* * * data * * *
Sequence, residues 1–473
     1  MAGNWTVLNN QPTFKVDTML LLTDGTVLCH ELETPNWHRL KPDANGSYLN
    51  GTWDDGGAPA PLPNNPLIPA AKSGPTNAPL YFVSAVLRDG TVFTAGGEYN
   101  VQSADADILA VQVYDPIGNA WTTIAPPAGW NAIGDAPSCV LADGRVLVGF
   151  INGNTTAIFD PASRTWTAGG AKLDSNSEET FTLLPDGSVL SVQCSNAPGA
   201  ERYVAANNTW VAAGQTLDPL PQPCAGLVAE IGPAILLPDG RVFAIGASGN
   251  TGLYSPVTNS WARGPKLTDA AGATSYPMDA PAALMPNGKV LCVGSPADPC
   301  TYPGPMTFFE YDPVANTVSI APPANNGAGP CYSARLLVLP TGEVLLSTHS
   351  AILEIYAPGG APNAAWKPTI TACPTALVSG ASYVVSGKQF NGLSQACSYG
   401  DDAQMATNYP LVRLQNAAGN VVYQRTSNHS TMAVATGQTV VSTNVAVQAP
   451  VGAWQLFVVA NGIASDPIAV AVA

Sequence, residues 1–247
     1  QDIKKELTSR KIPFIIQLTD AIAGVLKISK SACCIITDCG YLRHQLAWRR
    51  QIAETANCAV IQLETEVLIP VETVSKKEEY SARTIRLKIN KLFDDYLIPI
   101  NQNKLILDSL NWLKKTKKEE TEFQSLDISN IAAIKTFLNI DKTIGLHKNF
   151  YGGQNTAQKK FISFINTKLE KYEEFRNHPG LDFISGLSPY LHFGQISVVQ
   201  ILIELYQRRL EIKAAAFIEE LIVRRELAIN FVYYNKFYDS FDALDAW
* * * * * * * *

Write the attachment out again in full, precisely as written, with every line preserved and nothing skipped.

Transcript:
Sequence, residues 1–473
     1  MAGNWTVLNN QPTFKVDTML LLTDGTVLCH ELETPNWHRL KPDANGSYLN
    51  GTWDDGGAPA PLPNNPLIPA AKSGPTNAPL YFVSAVLRDG TVFTAGGEYN
   101  VQSADADILA VQVYDPIGNA WTTIAPPAGW NAIGDAPSCV LADGRVLVGF
   151  INGNTTAIFD PASRTWTAGG AKLDSNSEET FTLLPDGSVL SVQCSNAPGA
   201  ERYVAANNTW VAAGQTLDPL PQPCAGLVAE IGPAILLPDG RVFAIGASGN
   251  TGLYSPVTNS WARGPKLTDA AGATSYPMDA PAALMPNGKV LCVGSPADPC
   301  TYPGPMTFFE YDPVANTVSI APPANNGAGP CYSARLLVLP TGEVLLSTHS
   351  AILEIYAPGG APNAAWKPTI TACPTALVSG ASYVVSGKQF NGLSQACSYG
   401  DDAQMATNYP LVRLQNAAGN VVYQRTSNHS TMAVATGQTV VSTNVAVQAP
   451  VGAWQLFVVA NGIASDPIAV AVA

Sequence, residues 1–247
     1  QDIKKELTSR KIPFIIQLTD AIAGVLKISK SACCIITDCG YLRHQLAWRR
    51  QIAETANCAV IQLETEVLIP VETVSKKEEY SARTIRLKIN KLFDDYLIPI
   101  NQNKLILDSL NWLKKTKKEE TEFQSLDISN IAAIKTFLNI DKTIGLHKNF
   151  YGGQNTAQKK FISFINTKLE KYEEFRNHPG LDFISGLSPY LHFGQISVVQ
   201  ILIELYQRRL EIKAAAFIEE LIVRRELAIN FVYYNKFYDS FDALDAW